Crown Heights for Kids: Drop-in Culture Spots Where Families Can Play and Learn
What's the one neighborhood in NYC that has not one but two children's museums? If you guessed the Upper West Side or Park Slope, try again. Crown Heights, Brooklyn is home to the super-popular and interactive Brooklyn Children's Museum as well as the lesser-known Jewish Children's Museum, which features an entire floor of games including an indoor mini-golf course. So while there may not be any traditional kiddie gyms in Crown Heights (yet—it's only a matter of time), there's certainly no shortage of places for kids to play and learn.
In addition to the aforementioned tot spots, there's the Brooklyn Botanic Garden and the Brooklyn Museum, which are both very kid-friendly and offer wonderful family programming year-round. Plus the historic Weeksville Heritage Center is about to debut its brand-new Education and Cultural Arts Building. We continue our month-long spotlight on Crown Heights with a look at everything these institutions have to offer families, including lots of opportunities for enriching drop-in fun.
Brooklyn Children's Museum
145 Brooklyn Avenue at St. Marks Avenue
The U.S.'s oldest and greenest children's museum underwent an awesome overhaul in 2008 and is chock-full of hands-on fun for kids of all ages. With daily drop-in projects and workshops, temporary interactive exhibits and awesome permanent installations like the early learners' Totally Tots, the multicultural World Brooklyn and a Sensory Room for children with special needs, there truly is something for every family. BCM also hosts many beloved annual events such as the Dads & Daughters Valentine's Day Ball and the Monster Mash party around Halloween. Admission is $9 per person however BCM is FREE to visit every third Thursday of the month from 4 to 7pm and the first full weekend of each month 2 to 5pm except on holiday weekends.
Jewish Children's Museum
792 Eastern Parkway at Kingston Avenue
We recently wrote an entire post about this tot spot and we can attest to the fact that you don't need to be Jewish to enjoy yourself here. While all of its interactive exhibits are meant to school visitors in Jewish culture, history and traditions, they're also a lot of fun. The fifth floor Gallery of Games features a climbing wall and mini golf, while the other levels offer hands-on lessons in the 6 Days of Creation and a timeline of important Jewish events, including a gentle introduction to the Holocaust. Kids can get creative here, too: JCM has a great lineup of crafts workshops in which kids can make their own shofars for Rosh Hashanah, bake challah for Shabbat or matzo for Passover, or create menorahs for Hanukkah. Other attractions include a movie theater, a kids' library and even a play synagogue where children can examine the Torah. Admission is $13 for adults, $10 for seniors and free for children under age 2.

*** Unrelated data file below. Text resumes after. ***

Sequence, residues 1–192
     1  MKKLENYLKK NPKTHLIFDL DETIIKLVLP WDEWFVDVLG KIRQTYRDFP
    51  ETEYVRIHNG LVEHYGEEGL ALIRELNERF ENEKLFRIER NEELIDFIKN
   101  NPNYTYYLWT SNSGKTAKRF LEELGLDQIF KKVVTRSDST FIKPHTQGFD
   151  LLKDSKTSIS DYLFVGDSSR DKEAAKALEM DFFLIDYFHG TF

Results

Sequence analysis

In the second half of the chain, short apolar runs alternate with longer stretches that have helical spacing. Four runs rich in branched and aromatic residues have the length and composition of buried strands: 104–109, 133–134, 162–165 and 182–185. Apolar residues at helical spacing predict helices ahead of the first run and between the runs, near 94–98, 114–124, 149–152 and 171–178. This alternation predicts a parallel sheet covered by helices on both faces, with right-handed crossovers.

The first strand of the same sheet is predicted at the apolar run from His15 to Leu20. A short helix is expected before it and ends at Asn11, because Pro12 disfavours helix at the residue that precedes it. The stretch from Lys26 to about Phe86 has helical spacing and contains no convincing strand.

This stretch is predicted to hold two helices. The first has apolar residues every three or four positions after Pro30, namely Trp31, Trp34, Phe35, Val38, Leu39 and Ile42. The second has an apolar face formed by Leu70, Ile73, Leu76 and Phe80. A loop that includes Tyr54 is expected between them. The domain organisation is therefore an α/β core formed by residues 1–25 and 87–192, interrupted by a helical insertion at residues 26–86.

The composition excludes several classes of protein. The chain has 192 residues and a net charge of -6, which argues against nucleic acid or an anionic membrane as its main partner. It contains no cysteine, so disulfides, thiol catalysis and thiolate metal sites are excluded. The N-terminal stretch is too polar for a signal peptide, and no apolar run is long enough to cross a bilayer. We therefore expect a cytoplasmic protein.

Weeksville Heritage Center
1698 Bergen Street between Rochester and Buffalo Avenues
Dedicated to preserving the historic African-American settlement of Weeksville—one of the country’s first free black communities—this cultural organization maintains three houses that show what life was like circa 1860, 1900 and 1930. This summer, WHC will significantly expand its offerings thanks to its brand-new 19,000-square-foot Education and Cultural Arts Building, which will contain a resource center, classrooms, an oral history studio, a micro farm and a vintage garden. Right now, the three historic houses are open for tours Tuesdays through Fridays at 3pm. But if you "like" the Weeksville Facebook page, you'll be able to keep up on the progress of the new building. Also, throughout July, WHC organizes Saturday musical performances, family days and film screenings. $5 for adults, free for children under age 8.
Brooklyn Botanic Garden
150 Eastern Parkway between Underhill Avenue and Eastern Parkway
We've written about BBG before, of course, and as regular visitors, each member of my family has a favorite spot. There's the Children's Garden where kids can take classes and generally romp around. But somehow we always end up at the Lily Pool Terrace, peering into the murky water to spot bright fish and admire the water lilies and lotuses. Every year, we stop by the Cranford Rose Garden and we never miss the Cherry Esplanade with its soft grass (the only spot where visitors are allowed to hang out and picnic on summer nights). The BBG is open year-round and hosts many incredible annual events like the Sakura Matsuri/Cherry Blossom Festival in spring, the Chile Pepper Festival in fall and Ghouls & Gourds around Halloween. Admission is $10 for adults and free for children under 12, however the BBG is free to all on Tuesdays and on winter weekdays November to February.
200 Eastern Parkway at Washington Avenue
One of the oldest and largest (560,000-square-feet!) museums in the U.S., this awesome institution showcases world-class art and has lots of great programs for kids. Its extensive youth and family offerings include the Gallery/Studio Classes for school-age kids, plus Arty Facts, tot-friendly tours of the galleries followed by hands-on art projects every Sunday morning. While the free monthly Target First Saturdays aren't aimed at families, they are definitely kid-friendly and feature no-cost special events, workshops, performances and films. $12 suggested admission for adults, free for children under age 12.
Check out all of our posts about exploring Crown Heights, Brooklyn with kids.